Why Hybrid and In-Person Work Models May Not be the Answer Yet


In a July 2021 CNBC survey, 45% of companies said they plan to use the hybrid model for the rest of 2021, while 32% plan to return their entire workforce to an office. Most of these roadmaps for a return to work are predicated on the supposition that the pandemic is close to being over with the vaccination of the majority of the American population. The Delta variant and the continued spread of COVID-19 - even among the fully vaccinated - is throwing a significant wrench in these plans and confusing both top management and employees. 

Pandemic concerns are still very much on the minds of employees

The pandemic is, unfortunately, far from over with the rise of the Delta variant. While public health measures are certainly helping to curb the spread of COVID-19, it is still prevalent and may continue well into 2022. Newer variants such as Delta are far more communicable than the original COVID-19 virus, and can easily infect even those who are double-vaccinated. Many parents are concerned with going back to the workplace and increasing their exposure, having children at home who are unvaccinated. 

Public health measures that are necessary to curb the spread are, in some districts, being banned entirely by local or state governments. If an employee is working somewhere without a mask mandate and is concerned about COVID-19, working in an office may not be an attractive option for them - even for just a couple of days a week. 

A poll by Eagle Hill Consulting found that a full 54% of workers are concerned about coming back to the office, but a majority of 71% trusted that their employers will put the correct precautions in place for a safe return. Some of these precautions include:

  • Availability of masks, hand sanitizer, & gloves
  • Regular COVID-19 testing
  • Stay-at-home mandate for staff with symptoms 

A precaution which may make hesitant employees feel even safer - mandatory vaccination - is not being considered by 70% of employers. 

Most employees prefer remote work - and there’s currently a labor shortage 

A full four in ten of employees who are currently working from home at least one day a week will look for another job if their employer requires a full return to on-premise work. This bears repetition - 40% of your workforce will quit if required to return to the office full-time. This and other factors, including women quitting jobs to assist unvaccinated children with remote learning, have led to what has been called one of the biggest labour shortages in American history. It isn’t just the restaurant industry and low-wage positions, corporate America is seeing workers leave in droves if an employer doesn’t give them what they’re looking for. 

While that percentage should scare employers, some are still adamant that their workers return to the office. It’s probably best that they compromise with a hybrid work model rather than demanding a full return to in-office work. After all, 2020 and the early part of 2021 has proved that the work can get done, even during a time where everyone was arguably more stressed than they will be in a post-COVID world, we hope.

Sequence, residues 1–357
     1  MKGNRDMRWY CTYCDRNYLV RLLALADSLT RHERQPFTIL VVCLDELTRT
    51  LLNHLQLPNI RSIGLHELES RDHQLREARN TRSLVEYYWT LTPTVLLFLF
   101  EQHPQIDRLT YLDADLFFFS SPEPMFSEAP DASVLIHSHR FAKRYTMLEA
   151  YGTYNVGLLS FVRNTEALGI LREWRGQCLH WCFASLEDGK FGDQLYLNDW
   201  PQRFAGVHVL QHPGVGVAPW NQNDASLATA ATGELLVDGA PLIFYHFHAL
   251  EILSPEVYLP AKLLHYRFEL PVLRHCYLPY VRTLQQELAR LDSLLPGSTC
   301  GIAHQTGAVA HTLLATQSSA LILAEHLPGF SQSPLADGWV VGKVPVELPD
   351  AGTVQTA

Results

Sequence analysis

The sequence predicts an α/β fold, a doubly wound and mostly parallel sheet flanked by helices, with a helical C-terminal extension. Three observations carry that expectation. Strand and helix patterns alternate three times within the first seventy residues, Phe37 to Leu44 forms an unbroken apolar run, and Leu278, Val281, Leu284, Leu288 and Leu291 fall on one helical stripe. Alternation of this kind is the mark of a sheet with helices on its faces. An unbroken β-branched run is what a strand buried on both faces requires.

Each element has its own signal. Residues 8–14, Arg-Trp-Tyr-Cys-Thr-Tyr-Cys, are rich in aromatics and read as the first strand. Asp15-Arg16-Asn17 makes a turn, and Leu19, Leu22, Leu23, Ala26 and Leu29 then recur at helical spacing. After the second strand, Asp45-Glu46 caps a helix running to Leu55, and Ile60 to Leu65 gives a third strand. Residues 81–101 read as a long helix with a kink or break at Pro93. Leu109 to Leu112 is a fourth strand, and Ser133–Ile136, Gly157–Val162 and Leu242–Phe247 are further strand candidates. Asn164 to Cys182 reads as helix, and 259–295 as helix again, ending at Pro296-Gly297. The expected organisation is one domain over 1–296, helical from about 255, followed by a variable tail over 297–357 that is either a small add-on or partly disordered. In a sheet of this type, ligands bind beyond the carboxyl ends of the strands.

Ideally, employers will continue with remote work until all employees feel safe returning to an office. When pandemic concerns are taken off the table, it is likely that many people will be eager to go back into the office after working from home for so long. But it may be time for companies to admit that the pandemic simply isn’t over for some employees, and those people will consider leaving if work isn’t kept remote for the time being. 

If you have workers who are hesitant to return to work, consider accommodating them for the time being as long as all of their metrics are consistent and they are reasonably able to perform their jobs remotely. On their part, they may have to understand that some clients will prefer in-person meetings, and they may have to come into the office periodically for meetings themselves. Flexibility is required on both ends to make this work for everyone until the working world is truly “back to normal,” whatever that ends up looking like. 

Companies can feel much more confident about having distributed teams if they have a productivity intelligence solution in place. Solutions like Prodoscore tell management which business applications  your employees are using, how long they are using them for, and how they’re engaged each day.  This type of data is invaluable today as we navigate uncertainty and will continue to be helpful in a pandemic recovery economy that demands organizational efficiencies, new opportunities for growth, and happy teams.  Contact us for a demonstration today!